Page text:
Wilberforce fought for 30 years for the abolition of the slave trade, often seemingly making very little headway, but persevering all the same. He appealed to the conscience of England. Slavery, he told the House of Commons in 1789, "battens upon vices. When the surgeons tell you the slaves are stowed so close that there is not room to tread among them and the stench in intolerable. Death, at least, is a sure ground of proof. Upon the whole there is a mortality rate of about 50 percent. Many persons argue that if we relinquish the slave trade France will take it up. We cannot wish greater mischief to France. For the sake of France, however, and for the sake of humanity, I trust, nay, I am sure she will not."

The French Revolution had instilled England at that time with a sort of revulsion to any social innovations. As well as a revulsion for the French. Also, there was a revulsion at the idea of losing international clout, profits and trade to other nations who might take up the slack if Britain outlawed something that the US or France had not outlawed.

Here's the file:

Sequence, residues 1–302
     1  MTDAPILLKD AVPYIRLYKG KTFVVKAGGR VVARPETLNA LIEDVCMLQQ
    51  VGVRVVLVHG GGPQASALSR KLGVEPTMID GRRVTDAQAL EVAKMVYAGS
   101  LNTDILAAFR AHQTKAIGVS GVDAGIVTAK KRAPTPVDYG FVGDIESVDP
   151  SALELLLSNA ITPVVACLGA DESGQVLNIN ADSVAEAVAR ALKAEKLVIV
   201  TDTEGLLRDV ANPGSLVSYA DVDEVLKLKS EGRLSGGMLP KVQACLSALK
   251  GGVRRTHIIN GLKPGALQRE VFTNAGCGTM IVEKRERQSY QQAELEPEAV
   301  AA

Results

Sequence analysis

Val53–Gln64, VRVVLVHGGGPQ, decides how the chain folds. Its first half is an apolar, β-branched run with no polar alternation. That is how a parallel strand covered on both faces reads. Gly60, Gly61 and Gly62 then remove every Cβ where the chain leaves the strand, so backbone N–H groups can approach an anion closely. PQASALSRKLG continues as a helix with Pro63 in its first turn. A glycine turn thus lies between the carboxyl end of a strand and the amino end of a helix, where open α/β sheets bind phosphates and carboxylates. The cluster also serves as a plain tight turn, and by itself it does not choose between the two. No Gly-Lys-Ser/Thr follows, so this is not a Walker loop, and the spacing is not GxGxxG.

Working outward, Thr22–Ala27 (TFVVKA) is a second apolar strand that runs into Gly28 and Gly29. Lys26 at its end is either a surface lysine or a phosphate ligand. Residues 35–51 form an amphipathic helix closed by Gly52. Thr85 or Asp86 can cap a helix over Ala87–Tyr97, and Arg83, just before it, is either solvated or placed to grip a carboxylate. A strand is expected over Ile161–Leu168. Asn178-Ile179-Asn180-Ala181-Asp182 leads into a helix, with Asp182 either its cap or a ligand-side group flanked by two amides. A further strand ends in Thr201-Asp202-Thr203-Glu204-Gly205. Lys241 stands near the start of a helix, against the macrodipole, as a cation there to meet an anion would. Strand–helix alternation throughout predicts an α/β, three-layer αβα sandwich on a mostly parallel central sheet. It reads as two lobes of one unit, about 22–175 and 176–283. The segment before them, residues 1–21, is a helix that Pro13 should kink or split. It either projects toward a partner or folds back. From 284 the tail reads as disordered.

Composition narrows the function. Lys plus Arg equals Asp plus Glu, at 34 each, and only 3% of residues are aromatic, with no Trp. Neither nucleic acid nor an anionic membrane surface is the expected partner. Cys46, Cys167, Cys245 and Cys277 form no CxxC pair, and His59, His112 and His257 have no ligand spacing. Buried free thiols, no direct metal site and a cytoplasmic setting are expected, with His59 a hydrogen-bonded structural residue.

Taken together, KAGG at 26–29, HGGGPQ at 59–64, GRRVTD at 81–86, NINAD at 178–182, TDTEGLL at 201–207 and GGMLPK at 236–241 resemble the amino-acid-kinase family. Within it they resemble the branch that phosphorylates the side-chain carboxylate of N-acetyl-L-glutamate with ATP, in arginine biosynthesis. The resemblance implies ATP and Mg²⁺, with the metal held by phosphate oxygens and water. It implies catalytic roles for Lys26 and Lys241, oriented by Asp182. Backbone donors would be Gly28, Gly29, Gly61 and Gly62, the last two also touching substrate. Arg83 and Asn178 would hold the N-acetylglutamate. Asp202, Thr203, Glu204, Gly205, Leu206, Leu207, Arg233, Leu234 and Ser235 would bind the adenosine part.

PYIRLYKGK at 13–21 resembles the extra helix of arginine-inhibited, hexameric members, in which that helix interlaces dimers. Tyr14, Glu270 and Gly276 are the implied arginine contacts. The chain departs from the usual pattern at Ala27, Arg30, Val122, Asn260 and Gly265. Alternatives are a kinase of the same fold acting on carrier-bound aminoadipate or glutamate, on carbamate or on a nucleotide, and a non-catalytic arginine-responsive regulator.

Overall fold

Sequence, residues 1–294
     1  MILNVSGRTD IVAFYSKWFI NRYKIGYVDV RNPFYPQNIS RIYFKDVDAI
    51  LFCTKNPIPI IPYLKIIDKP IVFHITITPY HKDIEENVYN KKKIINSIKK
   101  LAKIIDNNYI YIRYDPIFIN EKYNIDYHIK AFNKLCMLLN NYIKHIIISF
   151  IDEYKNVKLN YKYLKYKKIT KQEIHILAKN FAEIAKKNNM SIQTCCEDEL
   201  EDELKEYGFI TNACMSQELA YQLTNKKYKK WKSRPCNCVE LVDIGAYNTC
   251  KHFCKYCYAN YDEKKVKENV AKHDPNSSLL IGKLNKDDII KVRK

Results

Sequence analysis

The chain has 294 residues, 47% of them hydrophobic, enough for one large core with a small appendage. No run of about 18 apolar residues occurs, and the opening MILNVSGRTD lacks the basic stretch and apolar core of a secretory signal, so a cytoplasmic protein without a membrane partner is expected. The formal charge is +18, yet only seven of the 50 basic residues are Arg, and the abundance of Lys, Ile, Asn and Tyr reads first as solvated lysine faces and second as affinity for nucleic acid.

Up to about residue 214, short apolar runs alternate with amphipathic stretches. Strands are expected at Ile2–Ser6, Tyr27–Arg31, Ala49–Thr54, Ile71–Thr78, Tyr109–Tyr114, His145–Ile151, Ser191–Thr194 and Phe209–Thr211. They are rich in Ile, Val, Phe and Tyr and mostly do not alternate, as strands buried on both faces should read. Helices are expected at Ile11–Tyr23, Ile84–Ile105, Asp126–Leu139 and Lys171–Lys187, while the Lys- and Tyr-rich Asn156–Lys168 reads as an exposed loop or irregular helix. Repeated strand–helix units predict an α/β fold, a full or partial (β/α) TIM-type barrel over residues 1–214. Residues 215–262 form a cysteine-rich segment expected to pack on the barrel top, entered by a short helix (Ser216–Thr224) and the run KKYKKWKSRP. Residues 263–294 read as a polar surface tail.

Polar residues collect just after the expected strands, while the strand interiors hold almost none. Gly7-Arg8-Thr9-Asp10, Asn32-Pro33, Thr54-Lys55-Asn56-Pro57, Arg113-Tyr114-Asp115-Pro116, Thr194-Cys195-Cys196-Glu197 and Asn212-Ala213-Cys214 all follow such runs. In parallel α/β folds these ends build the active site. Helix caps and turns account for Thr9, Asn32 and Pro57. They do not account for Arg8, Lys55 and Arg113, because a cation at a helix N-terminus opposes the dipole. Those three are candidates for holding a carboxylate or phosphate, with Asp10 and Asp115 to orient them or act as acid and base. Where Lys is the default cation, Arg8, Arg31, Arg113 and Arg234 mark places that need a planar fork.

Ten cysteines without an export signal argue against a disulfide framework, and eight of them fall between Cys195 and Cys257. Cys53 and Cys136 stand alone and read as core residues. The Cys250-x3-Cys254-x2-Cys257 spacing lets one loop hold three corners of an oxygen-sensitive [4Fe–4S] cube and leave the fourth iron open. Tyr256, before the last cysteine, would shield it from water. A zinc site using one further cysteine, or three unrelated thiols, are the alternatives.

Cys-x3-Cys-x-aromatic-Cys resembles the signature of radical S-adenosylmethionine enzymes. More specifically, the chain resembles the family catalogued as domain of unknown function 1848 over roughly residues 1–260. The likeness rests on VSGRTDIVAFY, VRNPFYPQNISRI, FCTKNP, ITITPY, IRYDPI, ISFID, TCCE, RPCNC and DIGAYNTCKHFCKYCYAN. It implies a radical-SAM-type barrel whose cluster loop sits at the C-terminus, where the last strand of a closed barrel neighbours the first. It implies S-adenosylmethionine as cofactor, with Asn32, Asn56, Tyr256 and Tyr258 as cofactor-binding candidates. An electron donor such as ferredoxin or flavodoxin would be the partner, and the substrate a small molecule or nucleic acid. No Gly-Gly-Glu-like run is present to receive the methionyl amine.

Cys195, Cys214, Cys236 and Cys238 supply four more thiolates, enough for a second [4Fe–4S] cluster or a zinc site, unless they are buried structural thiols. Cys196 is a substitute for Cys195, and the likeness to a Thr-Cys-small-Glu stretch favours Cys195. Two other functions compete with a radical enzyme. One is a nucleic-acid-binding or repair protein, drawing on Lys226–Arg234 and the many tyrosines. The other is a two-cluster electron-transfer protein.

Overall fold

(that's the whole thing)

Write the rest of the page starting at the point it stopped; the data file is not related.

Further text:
"I confess to you, so enormous, so dreadful, so irremediable did its wickedness appear that my own mind was completely made up for Abolition. . . . Let the consequences be what they would, I from this time determined that I would never rest until I had effected its abolition.

"I mean not to accuse anyone but to take the shame upon myself, in common indeed with the whole Parliament of Great Britain, for having suffered this horrid trade to be carried on under their authority. We are all guilty - we ought to all to plead guilty, and not to exculpate ourselves by throwing the blame on others."

Of course, needless to say Wilberforce knew that great public speaking alone was not going to sway the argument, especially as a lot of people were making a lot of money off of the abominable practice. He needed grass roots, public opinion to sway the tide which, fortunately, is something the church was very good at at the time. He also needed information to use to sway said tide, so he asked his Clapham community to help him prepare for his next presentation to Parliament.